Inhabitants of Scotland, originally referring to the Gaelic tribes who emigrated from Ireland in the fifth century and joined with the native Picts. They are generally presented as a barbarian race who, like the Picts, threatened the southern Britons from the north of Hadrian’s Wall.
According to Geoffrey, Arthur subjugated the Scots in the early days of his reign, after the battles at Moray and Lomond. The Scottish chronicler John of Fordun appropriately distinguishes between the Picts and Scots and claims that the latter were Arthur’s allies against the former.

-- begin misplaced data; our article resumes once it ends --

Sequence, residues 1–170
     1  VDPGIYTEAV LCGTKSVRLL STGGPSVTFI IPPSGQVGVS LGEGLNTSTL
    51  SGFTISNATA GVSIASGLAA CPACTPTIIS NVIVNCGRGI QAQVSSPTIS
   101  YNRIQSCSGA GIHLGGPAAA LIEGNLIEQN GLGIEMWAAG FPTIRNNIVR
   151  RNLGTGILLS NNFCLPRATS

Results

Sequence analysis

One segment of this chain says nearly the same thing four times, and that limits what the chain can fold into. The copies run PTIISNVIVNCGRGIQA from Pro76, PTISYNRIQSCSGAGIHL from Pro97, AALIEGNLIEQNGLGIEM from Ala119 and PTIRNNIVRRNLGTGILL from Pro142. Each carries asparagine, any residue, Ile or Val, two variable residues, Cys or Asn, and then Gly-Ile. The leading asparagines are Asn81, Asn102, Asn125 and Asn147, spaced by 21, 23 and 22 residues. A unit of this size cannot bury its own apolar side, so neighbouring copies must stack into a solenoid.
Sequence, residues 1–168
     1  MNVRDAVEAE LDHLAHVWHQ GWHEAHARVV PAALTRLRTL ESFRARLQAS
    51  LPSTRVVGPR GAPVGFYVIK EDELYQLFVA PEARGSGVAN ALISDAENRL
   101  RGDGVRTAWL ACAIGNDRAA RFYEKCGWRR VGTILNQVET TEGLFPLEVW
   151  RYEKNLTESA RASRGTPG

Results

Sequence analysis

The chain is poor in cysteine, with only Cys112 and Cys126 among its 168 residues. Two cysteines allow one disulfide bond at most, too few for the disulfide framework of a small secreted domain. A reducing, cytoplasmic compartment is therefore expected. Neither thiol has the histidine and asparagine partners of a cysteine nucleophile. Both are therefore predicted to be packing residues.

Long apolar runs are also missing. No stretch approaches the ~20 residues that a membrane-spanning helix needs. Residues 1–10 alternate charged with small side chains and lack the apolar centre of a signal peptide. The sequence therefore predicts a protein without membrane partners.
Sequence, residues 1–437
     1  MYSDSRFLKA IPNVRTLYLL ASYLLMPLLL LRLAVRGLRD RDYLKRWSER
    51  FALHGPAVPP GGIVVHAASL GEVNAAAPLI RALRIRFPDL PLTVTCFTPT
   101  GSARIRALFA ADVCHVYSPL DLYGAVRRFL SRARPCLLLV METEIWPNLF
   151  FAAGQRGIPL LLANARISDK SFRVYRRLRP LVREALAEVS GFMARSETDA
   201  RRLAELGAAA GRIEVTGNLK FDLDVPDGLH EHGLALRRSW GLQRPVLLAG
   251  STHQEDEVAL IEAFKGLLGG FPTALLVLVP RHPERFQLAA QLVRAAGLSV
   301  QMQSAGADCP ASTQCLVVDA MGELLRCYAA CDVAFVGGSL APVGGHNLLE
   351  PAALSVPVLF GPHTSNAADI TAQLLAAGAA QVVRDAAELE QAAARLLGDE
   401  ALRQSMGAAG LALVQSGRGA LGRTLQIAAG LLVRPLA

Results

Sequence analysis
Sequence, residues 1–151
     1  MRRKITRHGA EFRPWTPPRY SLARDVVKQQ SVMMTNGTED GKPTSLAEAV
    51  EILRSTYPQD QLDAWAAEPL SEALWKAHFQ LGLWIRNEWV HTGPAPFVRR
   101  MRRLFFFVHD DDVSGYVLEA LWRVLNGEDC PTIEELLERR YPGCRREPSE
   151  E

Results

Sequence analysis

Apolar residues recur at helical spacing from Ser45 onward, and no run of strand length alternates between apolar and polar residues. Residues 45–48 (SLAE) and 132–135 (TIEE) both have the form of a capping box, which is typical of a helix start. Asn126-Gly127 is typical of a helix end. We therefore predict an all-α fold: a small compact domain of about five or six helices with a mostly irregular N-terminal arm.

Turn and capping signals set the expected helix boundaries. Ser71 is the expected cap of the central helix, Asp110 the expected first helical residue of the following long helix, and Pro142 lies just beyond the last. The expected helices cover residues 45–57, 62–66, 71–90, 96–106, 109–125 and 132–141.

Hector Boece’s Scotorum Historia presents an alternate version in which the Scots and Picts together become Arthur’s allies against the invading Saxons.
The aborigines of Scotland were called Caeoill daoin, which in Welsh meant ‘the people of the wood’. When the Romans arrived they changed the name of Scotland to Caledonia.
Historia Regum Britanniae | Geoffrey of Monmouth, c. 1138
Chronica Gentis Scotorum | John of Fordun, c. 1385
Scotorum Historiae | Hector Boece, 1527